Wow. Where’ve I been lately? Oh, who’m I kidding? Nobody cares.
Life just gets busy. I never catch up on laundry. Never. This aggravates me to no end, too, because I was one of those know-it-all 20somethings who used to utter things in my mind like, “Stupid people. Why are they so domestically handicapped that they can’t catch up on laundry? Poor little hobos.”
I probably never did think, “poor little hobos” in my head, but you get the idea. I’ve turned into those people. That’s how it works. You are an authority on everything until you get to do it yourself. Then suddenly you are just as dumb, or dumber, as everyone else. Maybe not Baron Wetty. She has a pretty good laundry system going, but she doesn’t live with my boys, either. I will lean on that as my excuse.
At any rate, it doesn’t matter where I’ve been, what I’ve been doing, or which year of taxes I am working on for an October 15 deadline. And it doesn’t matter if you are normal and do your taxes in April (or January like the Informinator). And it further doesn’t matter if you are a reject like me and do your taxes in October and have done them already. I don’t care.
I really do care. Can you hear the desperation in my tone?
Well, anyway. All that matters is that I’m delaying a torture chamber in TurboTax and sitting here on WordPress. And I’m going to tell you a story about the spider I killed today.
It was a quiet Sunday afternoon following a good morning at church. The TV was off and the kids were all playing downstairs and nearby. I was in the kitchen unloading the dishwasher. I rounded the corner into the dining room, to return something to one of the kids when I saw it.
There it was. The spider I’ve been waiting to see. The one I’ve been dreading. The one that haunts my dreams at night and that makes boys cry in the corners. It was a large, brown, spider–positioned perfectly in the doorway between the family room and the dining room. There was no getting over it without risk of sending it crawling away into a place where I’d never find it. It was almost big enough to go under it, but I’m not dumb enough to entertain that thought for long.
This spider was about the size of a silver dollar. Not too fat. Not overly hairy. But big. I froze. I do that when I see something I have to catch or kill. I freeze and its life passes before my eyes in pictures of execution methods and animal reactions. I picture the many different options I have and what could conceivably happen as I do this. For instance, if a roach is on the ceiling, you simply MUST go through this exercise to ensure that you will not have a still-living roach in your hair after a botched kill attempt. In that situation, failure is not an option. That’s why I go with the flat, heavy paperback book and the technique of a fancy waiter. Smack, smack. It’s done.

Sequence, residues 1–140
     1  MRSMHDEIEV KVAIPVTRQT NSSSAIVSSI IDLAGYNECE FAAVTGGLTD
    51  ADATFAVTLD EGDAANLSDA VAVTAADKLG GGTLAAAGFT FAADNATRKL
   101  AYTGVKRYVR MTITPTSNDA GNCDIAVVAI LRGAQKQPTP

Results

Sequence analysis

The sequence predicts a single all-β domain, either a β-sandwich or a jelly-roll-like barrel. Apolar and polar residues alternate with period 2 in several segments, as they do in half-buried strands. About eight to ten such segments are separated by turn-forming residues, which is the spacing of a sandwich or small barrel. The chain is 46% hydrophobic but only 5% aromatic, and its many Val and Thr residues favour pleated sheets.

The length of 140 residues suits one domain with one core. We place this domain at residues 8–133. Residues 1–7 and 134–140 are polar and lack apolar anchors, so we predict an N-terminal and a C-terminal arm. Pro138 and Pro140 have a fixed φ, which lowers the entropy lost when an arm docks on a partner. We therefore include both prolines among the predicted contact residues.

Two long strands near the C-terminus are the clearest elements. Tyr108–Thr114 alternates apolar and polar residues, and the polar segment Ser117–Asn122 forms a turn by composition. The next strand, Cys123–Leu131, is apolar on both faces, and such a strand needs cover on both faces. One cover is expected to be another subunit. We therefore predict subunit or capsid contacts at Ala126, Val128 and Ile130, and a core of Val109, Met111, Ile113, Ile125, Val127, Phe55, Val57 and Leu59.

So as I froze there today, considering the life of this spider, I decided to call in the troops and go with spider spray. I would do a combination spider spray, paper towel approach. SPRAAAAAAY and smash. Done.
But the spider spray was upstairs in the kids’ bathroom and I’ve already told you I wasn’t going to step over that thing.
“Mama’s Boy?” I called out for him tentatively. He was playing on the stairs. I think he does this because it’s the only place in the house with carpet. The boy likes his carpet.
“Yes?” He answered.
“Run upstairs quickly and get me the can of spider killer in your bathroom.”
“What for?” He perked up. “What is it?”
“Just go get the spray and then we’ll talk,” I urged. He ran off. It seemed like a million years before he got back. As he was running around upstairs, I backed slowly into the kitchen to grab a paper towel for Phase 2 of Operation ArachniKill. When the boy returned, he saw the spider and said, “Whoa.”
I know. Right?
“Throw me the can carefully,” I instructed. “Toss it to me underhanded.”
“What?” He was flabberghasted. “I can’t do that!” He said. We don’t play baseball around here. Clearly it was not a good plan to start out throwing cans of spider killer around. OK. New plan.
“OK. OK. Climb up on the piano bench and hand it to me through the door.” At this point, Beloved came around the corner on Mama’s Boy’s side of the spider and wanted to know what was going on.
“STOP!” I hollered. “Big, HUGE spider. Don’t take another step!!” She stopped and her eyes got large. Mama’s Boy was perched precariously on the piano and was reaching the can across the threshold to me.
I took the can, aimed it, and sprayed…paper towels ready.
I doused that spider good. I expected it to go crazy. That’s what they do. They hate the stuff, but it paralyzes them on a short journey to DEATH.
There was no movement. No reaction. No death. No life. Nothing.
I sprayed again, totally shocked that nothing was happening. Then I inched forward to look. Then I nudged it with my paper towel.
The kids were now laughing.
“Mama, it’s fake. It came out of the Halloween box.”
And so it had.
I crumpled it up in the paper towel I had prepared for it and threw it away, just the same as I would have if it had been real and dead.
That’s what you get, you stupid plastic spider.
Now who’s the real loser?
(It’s still me, isn’t it?)